Direct Media Interface

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In computing, Direct Media Interface (DMI) is Intel's proprietary link between the northbridge and southbridge on a computer motherboard. It was first used between the 9xx chipsets and the ICH6, released in 2004. Previous Intel chipsets had used the Intel Hub Architecture to perform the same function, and server chipsets use a similar interface called Enterprise Southbridge Interface (ESI). [1] While the "DMI" name dates back to ICH6, Intel mandates specific combinations of compatible devices, so the presence of a DMI interface does not guarantee by itself that a particular northbridgesouthbridge combination is allowed.


DMI shares many characteristics with PCI Express, using multiple lanes and differential signaling to form a point-to-point link. Most implementations use a ×4 link, while some mobile systems (e.g. 915GMS, 945GMS/GSE/GU and the Atom N450) use a ×2 link, halving the bandwidth. The original implementation provides 10 Gbit/s (1 GB/s) in each direction using a ×4 link.

DMI 2.0, introduced in 2011, doubles the data transfer rate to 2 GB/s with a ×4 link. It is used to link an Intel CPU with the Intel Platform Controller Hub (PCH), which supersedes the historic implementation of a separate northbridge and southbridge. [2] :14

DMI 3.0, released in August 2015, allows the 8  GT/s transfer rate per lane, for a total of four lanes and 3.93 GB/s for the CPUPCH link. It is used by two-chip variants of the Intel Skylake microprocessors, which are used in conjunction with Intel 100 Series chipsets; [3] [4] some low power (Skylake-U onwards) and ultra low power (Skylake-Y onwards) mobile Intel processors have the PCH integrated into the physical package as a separate die, referred to as OPI (On Package DMI interconnect Interface) [5] and effectively following the system on a chip (SoC) design layout. [6] On 9 March 2015, Intel announced the Broadwell-based Xeon D as its first enterprise platform to fully incorporate the PCH in an SoC configuration. [7]

In 2021, with the release of 500 series chipsets, Intel increased the amount of DMI 3.0 lanes from four to eight, doubling the bandwidth. [8]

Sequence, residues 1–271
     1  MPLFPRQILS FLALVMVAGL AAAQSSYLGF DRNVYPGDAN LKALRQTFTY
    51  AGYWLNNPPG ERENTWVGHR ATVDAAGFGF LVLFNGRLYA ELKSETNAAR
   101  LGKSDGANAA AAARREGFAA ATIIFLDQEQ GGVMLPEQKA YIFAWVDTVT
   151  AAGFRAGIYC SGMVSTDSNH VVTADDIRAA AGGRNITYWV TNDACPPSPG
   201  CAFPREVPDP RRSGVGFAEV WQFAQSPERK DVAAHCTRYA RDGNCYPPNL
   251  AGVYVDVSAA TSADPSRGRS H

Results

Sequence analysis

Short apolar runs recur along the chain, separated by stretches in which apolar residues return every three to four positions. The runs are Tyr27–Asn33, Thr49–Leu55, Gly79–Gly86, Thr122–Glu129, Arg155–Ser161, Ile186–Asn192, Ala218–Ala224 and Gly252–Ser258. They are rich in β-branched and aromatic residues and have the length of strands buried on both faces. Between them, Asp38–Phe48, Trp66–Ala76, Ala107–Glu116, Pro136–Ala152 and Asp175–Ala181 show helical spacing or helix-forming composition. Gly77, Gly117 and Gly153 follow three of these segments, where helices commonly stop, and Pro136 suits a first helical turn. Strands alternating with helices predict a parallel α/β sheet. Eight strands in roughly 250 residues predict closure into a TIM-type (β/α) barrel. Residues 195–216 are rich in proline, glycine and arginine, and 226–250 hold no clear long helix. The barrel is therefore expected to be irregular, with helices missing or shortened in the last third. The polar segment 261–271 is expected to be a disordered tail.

DMI 4.0, set for release in 2021 with 600 series chipsets, will have 8 lanes each providing 16 GT/s, two times faster compared to DMI 3.0 x8. [9]


Northbridge devices supporting a northbridge DMI are the Intel 915-series, 925-series, 945-series, 955-series, 965-series, 975-series, G31/33, P35, X38, X48, P45 and X58 [ citation needed ].

Processors supporting a northbridge DMI and, therefore, not using a separate northbridge, are the Intel Atom, Intel Core i3, Intel Core i5, and Intel Core i7 (8xx, 7xx and 6xx, but not 9xx). Processors supporting a northbridge DMI 2.0 and, therefore not using a separate northbridge, are the 2000, 3000, 4000, and 5000 series of the Intel Core i3, Core i5 and Core i7.

Southbridge devices supporting a southbridge DMI are the ICH6, ICH7, ICH8, ICH9, ICH10, NM10, P55, H55, H57, Q57, PM55, HM55, HM57, QM57 and QS57[ citation needed ].

PCH devices supporting DMI 2.0 are the Intel B65, H61, H67, P67, Q65, Q67, Z68, HM65, HM67, QM67, QS67, B75, H77, Q75, Q77, Z75, Z77, X79, HM75, HM76, HM77, QM77, QS77, UM77, H81, B85, Q85, Q87, H87, Z87, H97, Z97, C222, C224, C226, X99, H110, [10] and H310. [11]

PCH devices supporting DMI 3.0 are the Intel Z170, H170, HM170, Q170, QM170, Q150, B150, C236, CM236, C232, and C620. [12] [13] [14] [15] [16] [17] [18] [19] [20] [21] The Intel 200 series, B360, [22] H370, [23] Q370, [24] Z370, [25] Z390, [26] C246, [27] and Intel 400 series chipsets also support DMI 3.0.

See also

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